We had a chance to interview Kristopher. A Floridian singer-songwriter and multi-instrumentalist whose latest release, a cover of Ariana Grande’s infamous ‘Into You’, managed to steal our hearts and leave a lasting impression. We asked him some questions, to get to know more about his craft, his plans, and what goes through a musician’s mind when they’re working on a cover that’s different from when they work on original music.

  • First of all. Congratulations on the release of the beautiful cover version. Why did you choose this song in particular? As it is substantially different from the musical landscape you crafted on the cover. Did you seek the challenge proposed by the style difference?

Thank you so much! “Into you” has always been a special song to me. To start, Ariana Grande is my idol and her Dangerous Woman album came out right as I entered college and began my adulthood. To me, the album represented freedom and confidence. “Into you” specifically was a song that I felt captured the exhilaration and excitement of pursuing a relationship with confidence and determination regardless of the opinions of those around you. Even with these reasons though, I wanted this cover to be more casual and allow me to experiment with the sound. The original is a pop masterpiece in my opinion so I really wanted to bring a new perspective.

  • As a multi-instrumentalist, which instrument do you usually find yourself going to? In instance for a live performance. How do you choose to utilize this instrument in your works? Do they have to feature? Or maybe not, if they don’t particularly serve the music?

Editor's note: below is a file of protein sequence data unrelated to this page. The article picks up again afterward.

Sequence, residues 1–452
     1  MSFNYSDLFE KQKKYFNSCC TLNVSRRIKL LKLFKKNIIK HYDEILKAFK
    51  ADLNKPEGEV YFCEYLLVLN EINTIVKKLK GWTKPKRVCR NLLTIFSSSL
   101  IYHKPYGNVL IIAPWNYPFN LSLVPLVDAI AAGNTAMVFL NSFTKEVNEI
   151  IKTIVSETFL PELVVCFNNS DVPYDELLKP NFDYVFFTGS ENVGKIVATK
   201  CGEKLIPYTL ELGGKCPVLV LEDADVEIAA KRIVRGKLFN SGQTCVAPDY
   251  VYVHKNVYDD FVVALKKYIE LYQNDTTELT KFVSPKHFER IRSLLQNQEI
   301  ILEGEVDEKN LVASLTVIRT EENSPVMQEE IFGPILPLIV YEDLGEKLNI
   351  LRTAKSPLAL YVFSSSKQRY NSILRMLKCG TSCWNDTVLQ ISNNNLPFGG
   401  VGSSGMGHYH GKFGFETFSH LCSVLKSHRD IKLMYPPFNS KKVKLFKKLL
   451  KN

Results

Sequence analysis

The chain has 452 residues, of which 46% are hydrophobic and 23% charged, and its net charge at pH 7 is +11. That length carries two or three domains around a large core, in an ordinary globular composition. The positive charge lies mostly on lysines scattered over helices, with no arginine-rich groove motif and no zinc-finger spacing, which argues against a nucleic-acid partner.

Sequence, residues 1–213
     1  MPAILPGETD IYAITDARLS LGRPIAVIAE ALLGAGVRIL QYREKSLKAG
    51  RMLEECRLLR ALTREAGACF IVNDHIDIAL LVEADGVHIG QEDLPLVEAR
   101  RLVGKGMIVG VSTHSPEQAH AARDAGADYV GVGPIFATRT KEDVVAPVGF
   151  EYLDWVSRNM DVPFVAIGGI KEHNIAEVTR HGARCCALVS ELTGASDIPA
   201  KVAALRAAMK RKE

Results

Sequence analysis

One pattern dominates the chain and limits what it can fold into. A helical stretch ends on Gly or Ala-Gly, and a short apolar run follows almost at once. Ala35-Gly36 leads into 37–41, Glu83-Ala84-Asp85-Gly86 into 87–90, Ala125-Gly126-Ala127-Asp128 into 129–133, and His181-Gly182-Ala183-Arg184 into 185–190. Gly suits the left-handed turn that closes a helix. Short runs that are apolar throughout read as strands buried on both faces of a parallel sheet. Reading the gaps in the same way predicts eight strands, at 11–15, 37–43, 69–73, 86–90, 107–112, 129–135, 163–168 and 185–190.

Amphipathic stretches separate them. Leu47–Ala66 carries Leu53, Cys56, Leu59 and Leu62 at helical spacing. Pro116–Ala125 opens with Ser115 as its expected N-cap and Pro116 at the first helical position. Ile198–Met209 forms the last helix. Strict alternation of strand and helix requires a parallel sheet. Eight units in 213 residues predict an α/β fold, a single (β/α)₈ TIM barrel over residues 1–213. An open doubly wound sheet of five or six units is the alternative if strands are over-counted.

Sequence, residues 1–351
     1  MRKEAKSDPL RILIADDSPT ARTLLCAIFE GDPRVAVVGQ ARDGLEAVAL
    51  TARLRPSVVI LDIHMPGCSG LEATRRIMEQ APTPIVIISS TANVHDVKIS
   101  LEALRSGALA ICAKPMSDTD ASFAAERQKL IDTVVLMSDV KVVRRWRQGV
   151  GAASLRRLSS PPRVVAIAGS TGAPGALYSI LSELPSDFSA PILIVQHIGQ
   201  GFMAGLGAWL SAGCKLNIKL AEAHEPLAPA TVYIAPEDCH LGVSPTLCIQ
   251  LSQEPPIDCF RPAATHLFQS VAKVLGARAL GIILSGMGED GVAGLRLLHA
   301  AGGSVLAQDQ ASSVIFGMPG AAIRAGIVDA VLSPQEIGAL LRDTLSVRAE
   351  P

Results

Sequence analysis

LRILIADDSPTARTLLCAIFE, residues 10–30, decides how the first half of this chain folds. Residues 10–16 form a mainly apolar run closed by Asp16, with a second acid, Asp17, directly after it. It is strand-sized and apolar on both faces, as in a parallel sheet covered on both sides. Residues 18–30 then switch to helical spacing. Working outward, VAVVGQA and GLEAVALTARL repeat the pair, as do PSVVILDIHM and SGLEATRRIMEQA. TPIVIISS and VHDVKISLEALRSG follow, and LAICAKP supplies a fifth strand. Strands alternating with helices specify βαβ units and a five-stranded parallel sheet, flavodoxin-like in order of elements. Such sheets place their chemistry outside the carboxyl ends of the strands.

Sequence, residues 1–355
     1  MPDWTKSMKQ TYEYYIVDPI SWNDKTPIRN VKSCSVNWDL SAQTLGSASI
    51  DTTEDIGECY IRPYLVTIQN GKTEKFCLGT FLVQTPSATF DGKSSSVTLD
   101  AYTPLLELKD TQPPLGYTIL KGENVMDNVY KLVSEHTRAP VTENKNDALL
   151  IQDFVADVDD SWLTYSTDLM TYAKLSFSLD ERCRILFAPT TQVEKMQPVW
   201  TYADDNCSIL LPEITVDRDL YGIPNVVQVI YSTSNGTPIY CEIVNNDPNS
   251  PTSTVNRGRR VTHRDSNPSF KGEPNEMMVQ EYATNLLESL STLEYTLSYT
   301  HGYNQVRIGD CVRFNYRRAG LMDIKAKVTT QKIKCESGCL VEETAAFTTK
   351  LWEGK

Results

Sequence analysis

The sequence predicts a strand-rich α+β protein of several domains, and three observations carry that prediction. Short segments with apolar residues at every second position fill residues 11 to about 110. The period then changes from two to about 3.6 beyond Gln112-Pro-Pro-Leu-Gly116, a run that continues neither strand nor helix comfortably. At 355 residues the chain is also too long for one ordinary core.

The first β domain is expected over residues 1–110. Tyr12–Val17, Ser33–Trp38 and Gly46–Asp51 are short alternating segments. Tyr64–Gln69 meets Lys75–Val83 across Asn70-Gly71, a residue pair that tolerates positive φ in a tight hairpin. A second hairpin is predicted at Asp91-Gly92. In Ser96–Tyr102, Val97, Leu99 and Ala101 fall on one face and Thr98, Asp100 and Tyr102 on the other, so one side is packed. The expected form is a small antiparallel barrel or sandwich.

Ooooh that’s a really good question.

In all honesty, I’m not very good at playing any instrument and singing at the same time. When I sing I try to focus on the emotion while maintaining the right breathing and technique. It leaves very little room to also worry about the quality of whatever instrument I’m playing. I hope to change this soon-I’m practicing!

For recording and writing purposes, I stick with strings mostly. They’re the instruments I’ve been playing for the longest and in my own opinion, not many instruments can compare to the versatility of a guitar or the sound of a cello or viola.

So far I haven’t had a song with a featured instrumental solo. That will definitely change and I have a couple of songs releasing soon that definitely showcase the instrumental more here and there. It really comes down to how it serves the song and if the lyrics are more important, or if the soundscape is what is stimulating emotion.

  • Late introduction time. Could you share with us a little about your musical story? When and how did it start? What were some shaping moments in your musical journey (if there are any)?

My parents got my siblings and me into music from a young age. I took lessons after school from second grade on. I was taught instruments like piano, viola, and flute, then continued to pick up other instruments as I developed an interest. I was in orchestra, choir, and did musical theater throughout my childhood all the way through to high school.